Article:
It's been nothing if not an interesting year and a half for Rob Weakley.
[Update: His response to the lawsuit appears below.]
At the start of 2015, I was knocking on Weakley's listed residence seeking comment on a sensationalized split with fellow Pebble Beach Food & Wine co-founder David.
(The resulting "Looking for hope in the dramatic David Bernahl-Rob Weakley-Coastal Luxury Management breakdown" provides a lot of background, including how L.A.'s Faith & Flower restaurant plays in.)
Later came more cross-suits over his payout from Coastal Luxury Management.
Insiders wondered if he needed the money on a tighter timeline to invest in his next, as-of-then-unnanounced, project.
When I met with him in Seaside, he didn't want to talk about CLM. He wanted to talk about the fastest growing industry in the world: medicinal marijuana.
Altai Brands taste tests—of the virginal versions—revealed quality stuff.
But next came whispers Weakley was in trouble for misrepresenting how big his stake in Altai was, among other misdeeds.
Not long thereafter, Altai co-founder Gavin Kogan, a seasoned medical marijuana advocate and attorney with a long local history of defending it legally, left Altai.
The whispers returned, but a non-disclosure agreement prevented Kogan from shedding any light.
The Weekly was slowly scratching away until reports cropped up this weekend that a formal suit has been brought against Weakley by a primary investor.
BuzzFeed came through with a piece from Amanda Chicago Lewis called "An Investor Is Suing A California Edible Pot Company For Fraud."
"A California investor claims marijuana chocolates brand Altai swindled him out of $750,000 under false pretenses," the report reads. "The CEO allegedly used the money on private jets and fancy hotels."
Some things that stand out from the lawsuit itself, brought by Hannaford Enterprises, LLC—represented by the same firm who represented Bernahl in suits against Weakly—in the United States District Court, San Jose Division:
• "Beginning in January 2015, to lure and defraud unsuspecting investors, Weakley (on behalf of himself and [Altai parent] Indus) falsely represented orally and in writing to prospective investors including plaintiff that Weakley had personally invested $574,250 into the company."
It alleges no actual investment of a promised $250,000 in cash, and adds the fair market value of $324,250 for his insights was overblown.
"Weakley knew that it would be important and highly material to prospective investors to know that he (as the founder and CEO of the company) had made a sizable personal cash investment."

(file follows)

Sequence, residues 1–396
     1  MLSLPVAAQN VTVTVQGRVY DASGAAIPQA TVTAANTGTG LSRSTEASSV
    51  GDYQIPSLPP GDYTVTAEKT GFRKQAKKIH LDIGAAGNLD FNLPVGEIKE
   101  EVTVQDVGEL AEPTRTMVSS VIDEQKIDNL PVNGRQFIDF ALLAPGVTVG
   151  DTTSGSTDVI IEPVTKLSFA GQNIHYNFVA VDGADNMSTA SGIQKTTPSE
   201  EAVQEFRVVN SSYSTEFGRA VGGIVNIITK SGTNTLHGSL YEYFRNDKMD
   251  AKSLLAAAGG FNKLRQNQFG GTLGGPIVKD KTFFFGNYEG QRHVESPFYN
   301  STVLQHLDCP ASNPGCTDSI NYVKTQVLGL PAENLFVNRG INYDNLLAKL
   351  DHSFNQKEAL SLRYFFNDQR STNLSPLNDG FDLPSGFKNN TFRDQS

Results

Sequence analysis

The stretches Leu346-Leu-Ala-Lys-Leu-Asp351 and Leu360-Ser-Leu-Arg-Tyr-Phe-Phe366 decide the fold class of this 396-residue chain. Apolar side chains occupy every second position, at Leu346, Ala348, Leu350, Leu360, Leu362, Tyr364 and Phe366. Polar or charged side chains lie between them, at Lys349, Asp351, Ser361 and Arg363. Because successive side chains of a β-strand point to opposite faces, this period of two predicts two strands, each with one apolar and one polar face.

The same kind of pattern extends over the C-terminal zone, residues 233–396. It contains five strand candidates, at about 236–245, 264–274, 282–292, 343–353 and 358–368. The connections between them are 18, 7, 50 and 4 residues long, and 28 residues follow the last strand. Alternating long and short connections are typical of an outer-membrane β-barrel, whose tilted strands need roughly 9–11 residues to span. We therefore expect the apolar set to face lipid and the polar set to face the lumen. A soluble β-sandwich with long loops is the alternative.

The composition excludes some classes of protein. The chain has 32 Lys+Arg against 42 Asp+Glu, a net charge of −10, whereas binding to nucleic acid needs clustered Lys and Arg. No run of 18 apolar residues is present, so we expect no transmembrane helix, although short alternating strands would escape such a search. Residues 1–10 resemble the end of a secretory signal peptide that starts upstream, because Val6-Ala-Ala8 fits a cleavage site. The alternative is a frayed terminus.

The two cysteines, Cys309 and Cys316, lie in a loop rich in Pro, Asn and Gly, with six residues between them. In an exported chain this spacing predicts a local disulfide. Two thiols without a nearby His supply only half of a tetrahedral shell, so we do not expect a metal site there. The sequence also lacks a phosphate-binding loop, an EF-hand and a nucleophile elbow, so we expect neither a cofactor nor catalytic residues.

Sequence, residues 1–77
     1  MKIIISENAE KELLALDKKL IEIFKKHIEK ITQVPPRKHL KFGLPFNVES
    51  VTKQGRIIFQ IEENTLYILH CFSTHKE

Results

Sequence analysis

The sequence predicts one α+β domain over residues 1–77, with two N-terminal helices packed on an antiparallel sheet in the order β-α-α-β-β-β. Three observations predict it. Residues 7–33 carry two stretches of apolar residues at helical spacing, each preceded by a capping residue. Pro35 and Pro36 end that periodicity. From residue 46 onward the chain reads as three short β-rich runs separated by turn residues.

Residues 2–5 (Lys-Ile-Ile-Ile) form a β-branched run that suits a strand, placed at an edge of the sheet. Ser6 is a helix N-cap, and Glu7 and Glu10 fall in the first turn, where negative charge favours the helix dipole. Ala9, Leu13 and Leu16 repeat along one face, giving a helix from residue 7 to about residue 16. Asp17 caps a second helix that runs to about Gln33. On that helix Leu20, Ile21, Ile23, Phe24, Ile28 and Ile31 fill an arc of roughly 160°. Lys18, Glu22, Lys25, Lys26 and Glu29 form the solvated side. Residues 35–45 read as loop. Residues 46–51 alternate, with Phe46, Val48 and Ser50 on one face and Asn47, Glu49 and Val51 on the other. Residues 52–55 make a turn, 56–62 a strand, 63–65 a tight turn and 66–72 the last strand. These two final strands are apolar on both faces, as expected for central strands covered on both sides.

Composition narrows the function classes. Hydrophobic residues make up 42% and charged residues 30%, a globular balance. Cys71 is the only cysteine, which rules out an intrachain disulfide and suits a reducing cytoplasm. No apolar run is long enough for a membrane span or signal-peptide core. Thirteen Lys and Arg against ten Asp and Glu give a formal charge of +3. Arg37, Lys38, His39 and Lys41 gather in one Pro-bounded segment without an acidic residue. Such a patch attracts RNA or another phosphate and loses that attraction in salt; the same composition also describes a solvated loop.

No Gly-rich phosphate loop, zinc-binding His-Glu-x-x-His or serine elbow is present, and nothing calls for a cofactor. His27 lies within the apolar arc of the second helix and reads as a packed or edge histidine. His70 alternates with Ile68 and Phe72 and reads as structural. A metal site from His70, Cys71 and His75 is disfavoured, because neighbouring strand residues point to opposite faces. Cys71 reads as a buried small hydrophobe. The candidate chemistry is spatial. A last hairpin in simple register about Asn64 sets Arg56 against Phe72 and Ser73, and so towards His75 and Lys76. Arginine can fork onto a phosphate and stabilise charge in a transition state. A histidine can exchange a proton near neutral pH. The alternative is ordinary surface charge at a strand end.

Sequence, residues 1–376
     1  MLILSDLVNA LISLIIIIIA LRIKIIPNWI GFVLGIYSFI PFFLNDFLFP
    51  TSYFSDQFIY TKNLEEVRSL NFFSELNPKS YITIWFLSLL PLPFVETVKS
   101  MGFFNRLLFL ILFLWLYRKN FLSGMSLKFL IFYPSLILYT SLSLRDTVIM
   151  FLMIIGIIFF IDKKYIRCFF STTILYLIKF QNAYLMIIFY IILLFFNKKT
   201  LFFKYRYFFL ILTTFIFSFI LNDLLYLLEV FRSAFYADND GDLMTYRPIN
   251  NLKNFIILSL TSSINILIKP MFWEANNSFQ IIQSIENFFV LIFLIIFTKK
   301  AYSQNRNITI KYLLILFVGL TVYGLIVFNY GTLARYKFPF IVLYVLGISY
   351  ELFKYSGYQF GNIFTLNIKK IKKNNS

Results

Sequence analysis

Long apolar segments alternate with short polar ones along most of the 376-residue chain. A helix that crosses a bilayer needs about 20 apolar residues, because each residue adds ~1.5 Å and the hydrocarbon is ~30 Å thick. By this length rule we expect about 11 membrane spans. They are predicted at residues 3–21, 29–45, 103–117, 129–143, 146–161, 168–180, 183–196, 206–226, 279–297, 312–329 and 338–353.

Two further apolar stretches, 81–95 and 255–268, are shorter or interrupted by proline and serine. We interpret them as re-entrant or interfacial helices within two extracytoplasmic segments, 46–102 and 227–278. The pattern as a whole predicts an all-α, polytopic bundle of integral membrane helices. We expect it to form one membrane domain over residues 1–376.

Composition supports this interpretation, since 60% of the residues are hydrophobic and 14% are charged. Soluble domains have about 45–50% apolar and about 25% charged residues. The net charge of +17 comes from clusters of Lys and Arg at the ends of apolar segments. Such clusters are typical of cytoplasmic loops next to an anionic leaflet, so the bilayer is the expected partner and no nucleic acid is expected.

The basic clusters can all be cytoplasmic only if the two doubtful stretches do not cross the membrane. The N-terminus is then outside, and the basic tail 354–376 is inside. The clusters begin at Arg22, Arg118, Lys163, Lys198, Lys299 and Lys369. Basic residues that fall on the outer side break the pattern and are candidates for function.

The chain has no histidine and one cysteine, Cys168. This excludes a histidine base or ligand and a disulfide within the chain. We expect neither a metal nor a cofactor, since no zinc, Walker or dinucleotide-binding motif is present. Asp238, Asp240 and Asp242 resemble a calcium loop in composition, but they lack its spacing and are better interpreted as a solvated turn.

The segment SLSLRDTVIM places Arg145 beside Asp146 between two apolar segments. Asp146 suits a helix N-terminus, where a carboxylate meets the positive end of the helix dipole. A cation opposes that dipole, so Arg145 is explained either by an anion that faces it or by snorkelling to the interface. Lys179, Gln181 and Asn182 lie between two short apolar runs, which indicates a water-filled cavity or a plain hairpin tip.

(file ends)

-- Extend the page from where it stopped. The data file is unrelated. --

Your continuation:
• "As part of his effort to conceal his fraud from investors…Weakley fired the company’s CFO (Joe Halligan) after only four months, and refused to hire a new CFO despite there being qualified, able, and willing candidates to fill the position."
• "Weakley then drained the company of investor money, using the company’s money as if it were his own personal piggy bank. Instead of timely paying the company’s vendors (including the law firm of Morgan Lewis) who endured long periods of time without payment, Weakley lavished himself with cash to live an opulent lifestyle. For example, the company paid for a private air service (Surf Air), which Weakley frequently used for personal and family purposes without reimbursing the company."
• "Weakley also used company funds to pay his personal legal bills (including the costs of defending against a separate securities fraud lawsuit filed against him). And, despite the company being strapped for cash and not paying vendors, when Weakley travelled, he stayed only at posh hotels the company could not afford like the Peninsula Hotel, the L’Ermitage Hotel in Beverly Hills, and the Four Seasons."
A call to Weakley Monday went to voicemail.
His voicemail—and his hands—are currently full.
He later replied to an email by stating he and his team are preparing a statement.
That statement appears here:
INDUS Holding Company is a young, rapidly growing company that is well-positioned to become a market leader in the quickly evolving cannabis industry.
The Hannaford complaint exploits the legal privilege afforded to allegations in a filed civil action to make false public accusations against INDUS and its chief executive officer.
The company, as a private enterprise, will only remark that these false accusations were expressed a number of months ago by the principal of Hannaford, John Knight.
After being addressed by the company, John Knight of Hannaford, in an email dated January 10, 2016 and in a meeting of the company’s stockholders expressed his satisfaction and support for the company and its management.